The EBRD has become the latest development bank to eschew funding for coal-related projects, after revising its energy strategy.
Previously, coal-related projects accounted for 6% of the bank’s total expenditure. Following the review, it has decided that it will provide funding for coal projects only where no energy alternative exists.
The EBRD’s managing director of energy and natural resources, Riccardo Puliti, explains the new policy to GTR: “We may finance coal in the rare circumstances when coal is the only physical alternative. If it’s not, for example if there’s a possibility to build a power line to another country or a gas pipeline, then coal can’t be financed by the EBRD. In the event that it can be financed, the EBRD will require the adoption of the best available technique, as defined by the EU.”
For example, the development bank is currently considering whether to fund a 450MW combined heat and power (CHP) plant in Mongolia known as CHP5.
Projects that have already been finalised will not be subjected to the new strategy, which will be revised again in five years. Puliti explains that Mongolia has no oil worth talking about, nor does it have a gas pipeline to China or Russia.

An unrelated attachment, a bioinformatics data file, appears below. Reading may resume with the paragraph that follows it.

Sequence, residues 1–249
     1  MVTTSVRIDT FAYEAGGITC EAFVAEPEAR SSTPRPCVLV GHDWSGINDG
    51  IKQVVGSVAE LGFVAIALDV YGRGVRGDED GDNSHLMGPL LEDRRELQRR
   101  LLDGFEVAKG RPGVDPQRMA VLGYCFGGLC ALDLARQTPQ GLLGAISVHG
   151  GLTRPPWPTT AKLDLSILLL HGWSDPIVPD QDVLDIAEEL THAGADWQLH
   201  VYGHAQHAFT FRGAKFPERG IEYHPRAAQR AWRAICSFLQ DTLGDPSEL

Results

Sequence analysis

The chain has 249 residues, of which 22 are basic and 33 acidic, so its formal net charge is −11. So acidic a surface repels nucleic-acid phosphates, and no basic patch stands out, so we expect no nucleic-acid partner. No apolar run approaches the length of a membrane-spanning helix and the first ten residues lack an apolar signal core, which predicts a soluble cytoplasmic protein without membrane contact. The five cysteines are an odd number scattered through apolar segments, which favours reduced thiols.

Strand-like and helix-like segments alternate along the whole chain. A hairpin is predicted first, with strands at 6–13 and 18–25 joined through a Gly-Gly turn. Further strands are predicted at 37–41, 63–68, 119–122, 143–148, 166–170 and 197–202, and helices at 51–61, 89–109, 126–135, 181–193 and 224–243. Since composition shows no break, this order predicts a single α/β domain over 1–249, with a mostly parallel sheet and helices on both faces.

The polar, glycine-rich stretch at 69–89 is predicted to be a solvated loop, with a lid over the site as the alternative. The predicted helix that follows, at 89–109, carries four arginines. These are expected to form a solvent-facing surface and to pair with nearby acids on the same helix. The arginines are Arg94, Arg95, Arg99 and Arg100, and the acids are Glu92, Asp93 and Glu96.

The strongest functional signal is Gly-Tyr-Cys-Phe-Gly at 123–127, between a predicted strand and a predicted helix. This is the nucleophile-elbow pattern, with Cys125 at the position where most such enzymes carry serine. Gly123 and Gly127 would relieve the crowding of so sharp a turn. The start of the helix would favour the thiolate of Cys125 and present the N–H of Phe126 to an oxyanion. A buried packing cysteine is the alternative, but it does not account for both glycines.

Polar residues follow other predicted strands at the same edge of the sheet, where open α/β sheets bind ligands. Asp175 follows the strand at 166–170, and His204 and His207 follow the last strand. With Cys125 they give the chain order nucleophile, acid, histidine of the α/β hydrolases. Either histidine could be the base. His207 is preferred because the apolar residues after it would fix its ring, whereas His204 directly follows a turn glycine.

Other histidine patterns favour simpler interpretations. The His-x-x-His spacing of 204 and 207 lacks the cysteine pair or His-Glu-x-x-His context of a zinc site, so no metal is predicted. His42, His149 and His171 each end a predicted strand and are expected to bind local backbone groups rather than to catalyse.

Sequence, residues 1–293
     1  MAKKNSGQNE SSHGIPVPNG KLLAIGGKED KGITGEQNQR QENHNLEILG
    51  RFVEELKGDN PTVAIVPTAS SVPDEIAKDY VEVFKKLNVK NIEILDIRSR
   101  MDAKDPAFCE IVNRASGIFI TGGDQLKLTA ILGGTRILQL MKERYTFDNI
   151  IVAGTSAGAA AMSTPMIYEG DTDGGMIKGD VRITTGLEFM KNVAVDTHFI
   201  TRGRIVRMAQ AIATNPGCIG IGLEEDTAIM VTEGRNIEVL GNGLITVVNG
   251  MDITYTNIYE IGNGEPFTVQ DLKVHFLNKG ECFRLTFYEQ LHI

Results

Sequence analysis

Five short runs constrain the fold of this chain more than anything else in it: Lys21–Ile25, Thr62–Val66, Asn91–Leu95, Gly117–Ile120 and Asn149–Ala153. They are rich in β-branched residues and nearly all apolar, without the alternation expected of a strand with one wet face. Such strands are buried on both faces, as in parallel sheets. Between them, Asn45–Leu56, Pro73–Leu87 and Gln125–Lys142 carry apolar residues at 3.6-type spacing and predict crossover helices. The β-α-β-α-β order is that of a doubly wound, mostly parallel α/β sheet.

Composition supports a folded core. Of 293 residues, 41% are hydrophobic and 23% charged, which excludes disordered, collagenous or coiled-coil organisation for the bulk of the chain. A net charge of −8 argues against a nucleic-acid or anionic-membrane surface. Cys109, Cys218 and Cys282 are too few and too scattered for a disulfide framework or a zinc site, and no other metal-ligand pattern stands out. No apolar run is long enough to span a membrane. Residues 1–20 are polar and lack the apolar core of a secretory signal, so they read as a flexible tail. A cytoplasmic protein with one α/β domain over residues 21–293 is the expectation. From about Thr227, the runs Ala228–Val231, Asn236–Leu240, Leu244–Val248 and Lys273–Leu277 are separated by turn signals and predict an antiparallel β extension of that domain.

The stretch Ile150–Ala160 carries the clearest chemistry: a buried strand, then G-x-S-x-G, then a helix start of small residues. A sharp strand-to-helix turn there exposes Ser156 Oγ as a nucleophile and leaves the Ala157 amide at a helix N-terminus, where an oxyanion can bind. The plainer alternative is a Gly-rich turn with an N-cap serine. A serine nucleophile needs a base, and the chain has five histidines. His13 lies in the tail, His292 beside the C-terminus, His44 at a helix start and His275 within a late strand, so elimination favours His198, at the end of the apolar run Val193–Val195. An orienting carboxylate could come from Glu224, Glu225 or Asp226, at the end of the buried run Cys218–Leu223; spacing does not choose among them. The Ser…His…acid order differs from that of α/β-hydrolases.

He continues: “Ulaanbaatar now receives power from very very old plants. I’d also like to point out that the only wind farm in Mongolia has been financed by the EBRD. As you know a wind farm can produce power but not heat, which is not very good in a country where winter hits minus thirty degrees.
“The question of heating and power in a country where heat and power security are issues can’t be solved by commercial banks only. The population can’t afford to pay very high rates. No commercial bank can go there and finance something because the rates are too low. DFIs are well designed to lead and if commercial banks come as well, we’d be very happy.”
The new directive covers only coal, and doesn’t extend to other fossil fuels such as oil and gas, nor does it cover unconventional fuels such as shale.
It will be addressed again in five years, when shale may be a viable commercial option in the EBRD’s countries of operation, or when countries with known reserves (such as Ukraine) may be looking at getting large projects online.